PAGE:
Comparison of SHA functions 
In the table below, internal state means the "internal hash sum" after each compression of a data block.
|Output size (bits)||Internal state size (bits)||Block size (bits)||Max message size (bits)||Word size (bits)||Rounds||Operations||Collisions found||Example Performance (MiB/s)|
|MD5 (as reference)||128||128||512||264 − 1||32||64||+,and,or,xor,rot||Yes||255|
|SHA-0||160||160||512||264 − 1||32||80||+,and,or,xor,rot||Yes||-|
|SHA-1||160||160||512||264 − 1||32||80||+,and,or,xor,rot||Theoretical attack (260)||153|
|256||512||264 − 1||32||64||+,and,or,xor,shr,rot||Yes (228.5:24)||111|
|512||1024||2128 − 1||64||80||+,and,or,xor,shr,rot||Yes (232.5:24)||99|
(5×5 array of 64-bit words)
The performance numbers above were for a single-threaded implementation on an Intel Core 2 1.83 GHz processor under Windows Vista in 32-bit mode, and serve only as a rough point for general comparison. On 64-bit machines, SHA-512 is significantly faster than SHA-256.
The cryptocurrency Bitcoin relies heavily on a double round of SHA-256. SHA-256 is used to authenticate Debian Linux software packages and in the DKIM message signing standard; SHA-512 is part of a system to authenticate archival video from the International Criminal Tribunal of the Rwandan genocide. SHA-256 and SHA-512 are proposed for use in DNSSEC. Unix and Linux vendors are moving to using 256- and 512-bit SHA-2 for secure password hashing.
SHA-1 and SHA-2 are the secure hash algorithms required by law for use in certain U.S. Government applications, including use within other cryptographic algorithms and protocols, for the protection of sensitive unclassified information. FIPS PUB 180-1 also encouraged adoption and use of SHA-1 by private and commercial organizations. SHA-1 is being retired for most government uses; the U.S. National Institute of Standards and Technology says, "Federal agencies should stop using SHA-1 for...applications that require collision resistance as soon as practical, and must use the SHA-2 family of hash functions for these applications after 2010" (emphasis in original). NIST's directive that U.S. government agencies must stop uses of SHA-1 after 2010 and the completion of SHA-3 may accelerate migration away from SHA-1.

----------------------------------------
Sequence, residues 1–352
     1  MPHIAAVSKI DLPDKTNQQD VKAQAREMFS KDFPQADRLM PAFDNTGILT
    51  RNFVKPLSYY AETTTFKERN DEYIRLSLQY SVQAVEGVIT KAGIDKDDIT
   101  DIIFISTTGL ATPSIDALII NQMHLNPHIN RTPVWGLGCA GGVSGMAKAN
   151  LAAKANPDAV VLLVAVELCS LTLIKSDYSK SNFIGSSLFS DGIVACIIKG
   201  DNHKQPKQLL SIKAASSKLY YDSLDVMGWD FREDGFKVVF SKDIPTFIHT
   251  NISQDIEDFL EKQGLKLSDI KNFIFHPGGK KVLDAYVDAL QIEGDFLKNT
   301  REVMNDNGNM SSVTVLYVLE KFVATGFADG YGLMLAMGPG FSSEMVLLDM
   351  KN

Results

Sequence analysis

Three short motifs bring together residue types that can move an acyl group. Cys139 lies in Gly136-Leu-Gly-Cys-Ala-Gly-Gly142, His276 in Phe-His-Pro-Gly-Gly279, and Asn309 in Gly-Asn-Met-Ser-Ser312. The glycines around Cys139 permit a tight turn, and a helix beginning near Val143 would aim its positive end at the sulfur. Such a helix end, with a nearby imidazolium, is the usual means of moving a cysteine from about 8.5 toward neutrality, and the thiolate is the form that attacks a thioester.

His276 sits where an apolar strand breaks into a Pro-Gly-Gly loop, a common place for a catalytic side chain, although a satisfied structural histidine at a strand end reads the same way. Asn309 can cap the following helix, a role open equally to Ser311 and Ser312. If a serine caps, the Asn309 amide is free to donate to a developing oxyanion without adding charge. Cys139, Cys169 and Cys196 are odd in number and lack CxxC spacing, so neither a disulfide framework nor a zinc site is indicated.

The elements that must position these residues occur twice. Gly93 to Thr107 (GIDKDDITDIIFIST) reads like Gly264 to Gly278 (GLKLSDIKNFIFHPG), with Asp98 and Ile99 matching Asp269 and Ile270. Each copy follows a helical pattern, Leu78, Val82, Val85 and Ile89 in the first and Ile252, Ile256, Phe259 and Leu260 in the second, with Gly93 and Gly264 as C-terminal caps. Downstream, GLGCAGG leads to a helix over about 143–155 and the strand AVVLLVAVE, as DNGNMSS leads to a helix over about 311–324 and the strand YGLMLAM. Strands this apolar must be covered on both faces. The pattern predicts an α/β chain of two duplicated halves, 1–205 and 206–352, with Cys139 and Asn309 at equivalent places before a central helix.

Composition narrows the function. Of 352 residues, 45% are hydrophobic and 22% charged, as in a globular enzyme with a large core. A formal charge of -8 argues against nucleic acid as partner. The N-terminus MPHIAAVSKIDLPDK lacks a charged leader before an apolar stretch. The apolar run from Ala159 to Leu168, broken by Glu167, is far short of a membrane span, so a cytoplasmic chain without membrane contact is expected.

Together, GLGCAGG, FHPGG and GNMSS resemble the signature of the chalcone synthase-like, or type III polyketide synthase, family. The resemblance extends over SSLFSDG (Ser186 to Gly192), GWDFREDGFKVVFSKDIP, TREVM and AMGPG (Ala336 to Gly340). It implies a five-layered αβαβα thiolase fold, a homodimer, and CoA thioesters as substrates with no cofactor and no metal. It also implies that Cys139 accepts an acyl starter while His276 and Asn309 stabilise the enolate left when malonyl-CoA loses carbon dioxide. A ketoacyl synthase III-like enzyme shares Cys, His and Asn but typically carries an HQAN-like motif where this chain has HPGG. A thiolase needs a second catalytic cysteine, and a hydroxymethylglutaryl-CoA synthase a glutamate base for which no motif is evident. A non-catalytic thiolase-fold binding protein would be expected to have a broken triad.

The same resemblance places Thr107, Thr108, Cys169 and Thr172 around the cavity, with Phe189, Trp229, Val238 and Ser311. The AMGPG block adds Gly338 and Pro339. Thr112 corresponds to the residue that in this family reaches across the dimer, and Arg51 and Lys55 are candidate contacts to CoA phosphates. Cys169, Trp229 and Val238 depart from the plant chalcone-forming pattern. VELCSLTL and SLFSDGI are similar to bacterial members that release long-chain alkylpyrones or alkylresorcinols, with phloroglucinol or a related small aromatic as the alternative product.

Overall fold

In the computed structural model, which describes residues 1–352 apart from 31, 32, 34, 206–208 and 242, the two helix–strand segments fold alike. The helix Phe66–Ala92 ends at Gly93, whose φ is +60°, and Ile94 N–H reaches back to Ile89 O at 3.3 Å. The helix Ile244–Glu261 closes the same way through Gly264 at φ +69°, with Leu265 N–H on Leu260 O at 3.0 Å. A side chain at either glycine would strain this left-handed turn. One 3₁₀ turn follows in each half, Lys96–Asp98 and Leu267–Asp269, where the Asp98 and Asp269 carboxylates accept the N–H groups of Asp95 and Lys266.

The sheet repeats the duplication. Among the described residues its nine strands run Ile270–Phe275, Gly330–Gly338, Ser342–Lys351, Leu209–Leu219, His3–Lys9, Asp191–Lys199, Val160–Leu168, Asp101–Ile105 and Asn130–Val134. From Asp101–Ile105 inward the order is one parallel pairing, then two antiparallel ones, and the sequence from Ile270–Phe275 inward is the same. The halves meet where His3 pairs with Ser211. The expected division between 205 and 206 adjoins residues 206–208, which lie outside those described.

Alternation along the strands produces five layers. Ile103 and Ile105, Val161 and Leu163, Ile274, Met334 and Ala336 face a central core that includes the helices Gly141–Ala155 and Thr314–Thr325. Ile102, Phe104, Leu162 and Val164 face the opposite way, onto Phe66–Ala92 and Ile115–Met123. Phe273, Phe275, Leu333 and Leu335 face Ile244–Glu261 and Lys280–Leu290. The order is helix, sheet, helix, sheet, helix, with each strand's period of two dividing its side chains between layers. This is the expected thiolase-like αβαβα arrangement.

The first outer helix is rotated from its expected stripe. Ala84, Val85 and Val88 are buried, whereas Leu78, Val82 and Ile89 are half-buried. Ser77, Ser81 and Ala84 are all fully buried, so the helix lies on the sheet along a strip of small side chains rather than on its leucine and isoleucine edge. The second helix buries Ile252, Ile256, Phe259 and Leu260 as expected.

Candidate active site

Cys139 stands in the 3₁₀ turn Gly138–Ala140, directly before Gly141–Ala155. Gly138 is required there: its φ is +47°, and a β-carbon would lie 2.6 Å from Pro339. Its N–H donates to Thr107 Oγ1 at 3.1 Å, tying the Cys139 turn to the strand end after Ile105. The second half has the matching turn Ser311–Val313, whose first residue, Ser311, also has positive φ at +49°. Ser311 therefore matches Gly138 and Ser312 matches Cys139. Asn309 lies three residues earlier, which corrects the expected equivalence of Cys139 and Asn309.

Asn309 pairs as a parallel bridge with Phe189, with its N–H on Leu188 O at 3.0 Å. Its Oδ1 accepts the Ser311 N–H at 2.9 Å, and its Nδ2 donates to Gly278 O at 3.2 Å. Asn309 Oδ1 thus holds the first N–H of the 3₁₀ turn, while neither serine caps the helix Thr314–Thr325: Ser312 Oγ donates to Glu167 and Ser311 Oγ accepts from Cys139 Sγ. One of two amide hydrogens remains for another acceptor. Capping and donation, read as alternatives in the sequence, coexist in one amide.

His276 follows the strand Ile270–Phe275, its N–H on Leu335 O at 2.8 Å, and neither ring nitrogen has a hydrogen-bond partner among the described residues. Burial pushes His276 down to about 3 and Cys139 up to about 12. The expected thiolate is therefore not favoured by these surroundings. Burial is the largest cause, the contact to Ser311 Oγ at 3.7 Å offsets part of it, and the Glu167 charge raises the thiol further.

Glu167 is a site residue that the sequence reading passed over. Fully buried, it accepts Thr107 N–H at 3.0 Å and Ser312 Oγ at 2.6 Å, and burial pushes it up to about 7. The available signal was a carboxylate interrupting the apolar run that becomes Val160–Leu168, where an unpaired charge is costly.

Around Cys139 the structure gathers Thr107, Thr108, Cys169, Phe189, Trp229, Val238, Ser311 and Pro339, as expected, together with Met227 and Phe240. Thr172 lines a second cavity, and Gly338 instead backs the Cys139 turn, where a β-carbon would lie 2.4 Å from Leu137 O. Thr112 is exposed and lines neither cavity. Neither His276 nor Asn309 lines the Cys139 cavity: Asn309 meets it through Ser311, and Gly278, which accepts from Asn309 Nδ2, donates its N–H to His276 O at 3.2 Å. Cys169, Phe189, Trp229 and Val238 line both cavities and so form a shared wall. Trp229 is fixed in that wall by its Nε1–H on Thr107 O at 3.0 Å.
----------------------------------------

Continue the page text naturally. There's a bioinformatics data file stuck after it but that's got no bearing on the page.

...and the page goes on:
The SHA-2 functions are not as widely used as SHA-1, despite their better security. Reasons might include lack of support for SHA-2 on systems running Windows XP SP2 or older, or a lack of perceived urgency since SHA-1 collisions have not yet been found.
Cryptanalysis and validation 
For a hash function for which L is the number of bits in the message digest, finding a message that corresponds to a given message digest can always be done using a brute force search in 2L evaluations. This is called a preimage attack and may or may not be practical depending on L and the particular computing environment. The second criterion, finding two different messages that produce the same message digest, known as a collision, requires on average only 2L/2 evaluations using a birthday attack.